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  #1  
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Question

Best Way to Migrate DNS Servers?


Hi all,

What is the best way to migrate DNS services to new IPs?

I have moved our hosting to a new address space. I must soon decomission the old DNS servers operating in the old address space. New DNS servers are already up and running. We host hundreds of domain names which now rely on the old DNS servers. To swap over, should I:

A.) Move the old DNS server names (ns1.mydomain.com, ns2.mydomain.com) to the new DNS servers and expect the registrars to figure out the change, or:

B.) Create new DNS server names (ns3.mydomain.com, ns4.mydomain.com) for the new DNS servers and ask everyone to manually update their domains at their registrars?

C.) Other options?

I don't know if option A is technically feasible. I suppose I would modify the A record for 'ns1.mydomain.com' on the old DNS servers to point to the new DNS server and expect this change to propogate to the root servers/registrars? Option B would certainly be a nuisance to our customers.

Any advice is greatly appreciated.



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  #2  
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Web Hosting Evangelist
 
Join Date: Oct 2004
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This will definitely help you to decide as it really does work.

http://www.webhostingtalk.com/showth...hreadid=298085

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  #3  
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Junior Guru Wannabe
 
Join Date: Jun 2004
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The only information that is changing is the ipaddresses of ns1.mydomain.com, ns2.mydomain.com?

Seems like as long as you reduce the TTL at least 24 hours before you do the switch of ns1.mydomain.com, ns2.mydomain.com to new ip addresses it should be seamless. Particularly since the old servers and the new servers will be reporting the same information.

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  #4  
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Join Date: Apr 2005
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Yeah, but its still a good idea to keep the old servers running (on the old ip's that is) for at least 3-4 days after you switch over, cause many isps cache the data for days, (ignoring, or multiplying the TTL).

  #5  
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What about third-party registrars?

Will all of the third-party registrars automatically update as well? I mean, there are LOTS of domains out there, registered through third-party registrars and nonetheless using our DNS servers. Will they automatically update to the new IPs? Or, will some still require manual updating of the IP addresses of the specified DNS servers?

Thank you.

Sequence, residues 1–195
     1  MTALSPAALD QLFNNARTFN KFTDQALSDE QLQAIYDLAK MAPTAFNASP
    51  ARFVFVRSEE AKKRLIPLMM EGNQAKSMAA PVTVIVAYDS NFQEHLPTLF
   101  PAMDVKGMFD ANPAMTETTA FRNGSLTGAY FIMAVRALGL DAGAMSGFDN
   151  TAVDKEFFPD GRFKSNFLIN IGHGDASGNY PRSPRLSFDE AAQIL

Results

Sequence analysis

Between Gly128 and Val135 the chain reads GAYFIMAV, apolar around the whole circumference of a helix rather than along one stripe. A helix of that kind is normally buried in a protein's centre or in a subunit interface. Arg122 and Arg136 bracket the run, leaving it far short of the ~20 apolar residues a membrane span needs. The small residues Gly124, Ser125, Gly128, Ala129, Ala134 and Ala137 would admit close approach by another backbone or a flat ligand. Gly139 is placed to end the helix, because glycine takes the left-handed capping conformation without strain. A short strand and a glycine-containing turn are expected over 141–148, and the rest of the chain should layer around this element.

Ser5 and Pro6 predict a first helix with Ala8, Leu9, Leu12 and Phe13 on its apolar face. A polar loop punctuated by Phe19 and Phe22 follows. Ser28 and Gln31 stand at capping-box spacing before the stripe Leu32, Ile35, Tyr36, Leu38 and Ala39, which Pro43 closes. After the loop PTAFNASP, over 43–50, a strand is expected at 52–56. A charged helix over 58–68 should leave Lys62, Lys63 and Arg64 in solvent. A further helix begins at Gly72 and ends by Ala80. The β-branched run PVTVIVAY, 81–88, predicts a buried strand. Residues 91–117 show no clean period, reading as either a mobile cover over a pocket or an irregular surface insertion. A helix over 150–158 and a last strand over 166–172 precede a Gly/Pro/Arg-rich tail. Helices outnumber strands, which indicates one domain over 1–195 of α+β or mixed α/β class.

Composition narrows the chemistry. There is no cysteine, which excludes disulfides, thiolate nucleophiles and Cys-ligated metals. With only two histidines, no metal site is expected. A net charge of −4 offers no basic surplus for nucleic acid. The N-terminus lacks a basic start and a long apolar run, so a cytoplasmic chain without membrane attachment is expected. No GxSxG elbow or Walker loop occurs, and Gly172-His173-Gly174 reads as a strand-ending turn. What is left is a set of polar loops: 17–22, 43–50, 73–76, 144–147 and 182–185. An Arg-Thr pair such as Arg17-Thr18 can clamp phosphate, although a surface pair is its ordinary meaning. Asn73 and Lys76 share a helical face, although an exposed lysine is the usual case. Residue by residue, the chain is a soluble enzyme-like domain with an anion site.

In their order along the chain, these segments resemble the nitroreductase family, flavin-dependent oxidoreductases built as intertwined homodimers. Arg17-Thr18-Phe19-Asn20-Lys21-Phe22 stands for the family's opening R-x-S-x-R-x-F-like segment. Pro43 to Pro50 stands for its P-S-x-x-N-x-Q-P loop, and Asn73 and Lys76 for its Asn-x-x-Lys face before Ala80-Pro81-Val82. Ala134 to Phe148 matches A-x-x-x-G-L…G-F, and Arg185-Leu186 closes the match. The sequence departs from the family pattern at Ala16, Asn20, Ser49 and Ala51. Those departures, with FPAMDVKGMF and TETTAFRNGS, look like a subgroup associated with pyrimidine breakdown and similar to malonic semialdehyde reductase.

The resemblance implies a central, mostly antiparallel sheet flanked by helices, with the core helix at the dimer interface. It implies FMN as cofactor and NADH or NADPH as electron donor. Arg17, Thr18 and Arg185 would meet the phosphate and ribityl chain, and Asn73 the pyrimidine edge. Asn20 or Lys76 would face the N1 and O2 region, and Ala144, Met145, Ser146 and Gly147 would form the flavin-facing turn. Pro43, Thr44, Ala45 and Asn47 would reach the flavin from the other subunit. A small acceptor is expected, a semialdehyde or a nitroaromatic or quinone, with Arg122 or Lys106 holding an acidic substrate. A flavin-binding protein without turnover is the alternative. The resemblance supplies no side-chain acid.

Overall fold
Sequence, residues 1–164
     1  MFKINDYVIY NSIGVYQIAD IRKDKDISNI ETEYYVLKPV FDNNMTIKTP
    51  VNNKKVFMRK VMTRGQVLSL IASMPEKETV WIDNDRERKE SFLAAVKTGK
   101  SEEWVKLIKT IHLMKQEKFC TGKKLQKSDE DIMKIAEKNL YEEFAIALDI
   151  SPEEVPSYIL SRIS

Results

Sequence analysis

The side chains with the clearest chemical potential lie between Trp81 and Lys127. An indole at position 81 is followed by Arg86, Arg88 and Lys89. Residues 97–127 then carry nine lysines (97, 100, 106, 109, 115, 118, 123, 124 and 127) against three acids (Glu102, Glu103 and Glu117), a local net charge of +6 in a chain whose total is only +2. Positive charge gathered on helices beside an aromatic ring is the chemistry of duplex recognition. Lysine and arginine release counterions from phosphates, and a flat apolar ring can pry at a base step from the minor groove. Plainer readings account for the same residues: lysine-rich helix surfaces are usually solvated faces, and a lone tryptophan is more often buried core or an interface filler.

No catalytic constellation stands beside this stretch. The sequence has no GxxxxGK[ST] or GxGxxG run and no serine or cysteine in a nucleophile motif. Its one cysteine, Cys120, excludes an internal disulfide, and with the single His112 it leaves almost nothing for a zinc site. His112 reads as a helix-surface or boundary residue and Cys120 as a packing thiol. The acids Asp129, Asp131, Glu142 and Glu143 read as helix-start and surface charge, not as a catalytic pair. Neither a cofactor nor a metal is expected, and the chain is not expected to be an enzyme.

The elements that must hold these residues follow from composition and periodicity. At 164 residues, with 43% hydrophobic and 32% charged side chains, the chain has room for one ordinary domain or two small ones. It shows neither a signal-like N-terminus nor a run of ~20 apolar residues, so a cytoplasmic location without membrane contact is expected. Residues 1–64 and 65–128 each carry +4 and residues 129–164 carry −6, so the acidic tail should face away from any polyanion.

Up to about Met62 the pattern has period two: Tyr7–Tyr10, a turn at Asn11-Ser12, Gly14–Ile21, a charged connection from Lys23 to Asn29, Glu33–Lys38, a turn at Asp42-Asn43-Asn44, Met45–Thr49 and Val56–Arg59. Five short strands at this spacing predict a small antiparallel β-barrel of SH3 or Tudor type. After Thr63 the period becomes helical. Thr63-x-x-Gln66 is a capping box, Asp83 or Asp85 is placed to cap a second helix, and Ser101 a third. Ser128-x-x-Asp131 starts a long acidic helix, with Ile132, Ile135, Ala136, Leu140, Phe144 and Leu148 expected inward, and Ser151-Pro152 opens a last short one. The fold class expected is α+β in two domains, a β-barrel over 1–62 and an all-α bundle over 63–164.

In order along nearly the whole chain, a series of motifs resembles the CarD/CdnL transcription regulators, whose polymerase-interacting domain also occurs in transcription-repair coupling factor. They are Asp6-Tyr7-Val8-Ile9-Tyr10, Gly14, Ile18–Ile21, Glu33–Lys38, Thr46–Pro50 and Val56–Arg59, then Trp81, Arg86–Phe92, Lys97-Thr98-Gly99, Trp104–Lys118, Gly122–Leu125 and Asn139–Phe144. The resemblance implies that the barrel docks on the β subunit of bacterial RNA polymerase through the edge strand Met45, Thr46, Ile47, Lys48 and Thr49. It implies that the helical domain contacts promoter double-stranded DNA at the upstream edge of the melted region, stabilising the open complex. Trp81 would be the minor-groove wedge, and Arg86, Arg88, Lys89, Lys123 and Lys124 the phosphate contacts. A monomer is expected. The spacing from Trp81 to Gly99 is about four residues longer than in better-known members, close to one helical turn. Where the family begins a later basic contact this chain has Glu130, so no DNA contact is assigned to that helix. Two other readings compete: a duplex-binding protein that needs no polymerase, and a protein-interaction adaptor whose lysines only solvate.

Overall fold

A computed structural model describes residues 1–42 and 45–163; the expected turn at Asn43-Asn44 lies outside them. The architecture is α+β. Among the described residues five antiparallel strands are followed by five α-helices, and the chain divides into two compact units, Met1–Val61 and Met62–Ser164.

Dave

  #6  
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Join Date: Apr 2005
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Maybe, if your servers have multiple aliases that have glue records with their registrars. Then the new ips must be glued before you take the old dns-servers offline.

  #7  
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Thank you for your helpful reply.

To my knowledge, our DNS servers have no aliases. And I'm not familiar with "glue records." How do I know for certain if this situation affects me?

Dave

  #8  
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Say, if your dns-servers are ns1.a.com and ns2.a.com, with their old ips glued at the registrar you registered a.com with.

Someone else, perhaps a reseller or something, has ns1.b.com and ns2.b.com, with the same ips as yours, basically making them look the same, but still "their own" so to say. I usually set this up for my resellers.

The reseller (or whatever) has the same ips glued with their registrar, so when you change yours at your registrar, they need to change theirs too, to point to the new ips. That is, if they point their domain, b.com, to ns1.b.com and ns2.b.com.

If you have a normal customer that simply points their domain at ns1.a.com and ns2.a.com, you dont have to do anything there. This also goes for resellers that point directly to ns1.a.com and ns2.a.com.

Now that didn't come out as simple as i wanted it to... but see if you can make sense of it

  #9  
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To my knowledge, none of our customers have done this. Yippee!!! [And even if one or two have done this, it's no big deal to work with them.]

So, I'm feelin' pretty good about this. To ask our customers to specify new name servers for hundreds of domains would've not only provoked a mutiny but would've taken months before we'd see 100% compliance, and then, probably only after cutting off the old DNS servers.

Thank you for your help!

Dave

  #10  
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Join Date: Apr 2005
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Yepp, then you should be able to pull it off without any trouble. Just do one thing at a time, and make sure you have a plan to begin with, like this:

1. Set up new nameservers, test with "dig", make sure they work
2. Change the glue ip adresses at your registrar
3. Wait at least 3-4 days, and expect most people to use the new nameserver within 24 hours
4. Kill the old nameservers

That sums it up pretty good i think.

  #11  
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Thank you!!!

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